In fact, Future Earth predicts that by mid-century, the “demand for energy will nearly double while water and food demand is expected to increase by over 50%.”
The Earth’s ability to satisfy our rising needs for water, food, and energy is in trouble. Overpopulation, excessive urbanisation, and human interference with the natural environment certainly don’t help. Higher demand for resources and the decreasing ability to sustain a supply are causing an increase in prices, the alteration of land structures is adding to climate change impacts, declining investments in urban development contribute to lower urban resilience, and all these combined undermine the survival of future generations.
Food Poverty and Inequality
“The trade-offs between food, water and energy can generate unsustainable urbanisation pathways, which contribute to socio-economic problems including poverty, conflicts and diseases.”SUGI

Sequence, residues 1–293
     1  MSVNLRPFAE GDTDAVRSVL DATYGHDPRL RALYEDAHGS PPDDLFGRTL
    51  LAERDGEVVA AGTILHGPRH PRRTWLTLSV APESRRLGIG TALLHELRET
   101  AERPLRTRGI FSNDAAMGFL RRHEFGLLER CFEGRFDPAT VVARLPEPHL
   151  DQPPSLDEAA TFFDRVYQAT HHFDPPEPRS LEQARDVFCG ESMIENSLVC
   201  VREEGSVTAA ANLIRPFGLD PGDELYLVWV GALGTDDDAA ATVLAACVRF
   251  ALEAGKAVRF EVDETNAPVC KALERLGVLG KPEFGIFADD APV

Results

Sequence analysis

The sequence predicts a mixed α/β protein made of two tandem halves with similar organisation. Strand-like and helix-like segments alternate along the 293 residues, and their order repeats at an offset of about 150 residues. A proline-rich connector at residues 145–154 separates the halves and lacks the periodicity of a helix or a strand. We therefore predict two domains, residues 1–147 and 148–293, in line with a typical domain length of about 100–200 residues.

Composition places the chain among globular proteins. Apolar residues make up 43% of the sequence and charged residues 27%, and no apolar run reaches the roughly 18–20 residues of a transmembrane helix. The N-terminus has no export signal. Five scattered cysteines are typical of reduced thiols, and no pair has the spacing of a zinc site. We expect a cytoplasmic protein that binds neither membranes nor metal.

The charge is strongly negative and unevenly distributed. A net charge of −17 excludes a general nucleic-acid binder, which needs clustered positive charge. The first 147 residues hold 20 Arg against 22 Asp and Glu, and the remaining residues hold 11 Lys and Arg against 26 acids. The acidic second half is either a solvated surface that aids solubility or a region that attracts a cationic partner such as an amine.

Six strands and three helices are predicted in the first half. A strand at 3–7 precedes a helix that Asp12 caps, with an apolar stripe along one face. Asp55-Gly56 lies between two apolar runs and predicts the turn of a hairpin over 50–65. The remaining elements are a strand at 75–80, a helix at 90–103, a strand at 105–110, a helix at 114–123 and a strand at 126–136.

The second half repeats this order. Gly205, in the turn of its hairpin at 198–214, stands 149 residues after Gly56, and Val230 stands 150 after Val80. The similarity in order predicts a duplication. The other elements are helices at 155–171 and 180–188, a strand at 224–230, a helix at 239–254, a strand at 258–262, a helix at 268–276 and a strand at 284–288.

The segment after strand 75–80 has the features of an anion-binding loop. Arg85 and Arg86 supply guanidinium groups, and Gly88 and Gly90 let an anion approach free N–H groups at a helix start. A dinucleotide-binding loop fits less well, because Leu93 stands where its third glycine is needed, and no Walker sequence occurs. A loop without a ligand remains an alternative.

With population growth comes consumption increase. Combining these with insufficient infrastructure, housing, transportation and mobility intricacies, along with socio-economic problems and environmental issues, we are faced with the “greatest challenges to resource efficiency and the sustainable management of natural resources”. The way to solve it is to address the problems, as now all these just put higher pressure on water and energy supply, recycling, land use, and food security.
Each city is different in an ecological, geographical, and cultural sense. Available resources relate, and are limited, to its bioregion. It’s only logical that solutions for sustainability correlate with the given local context.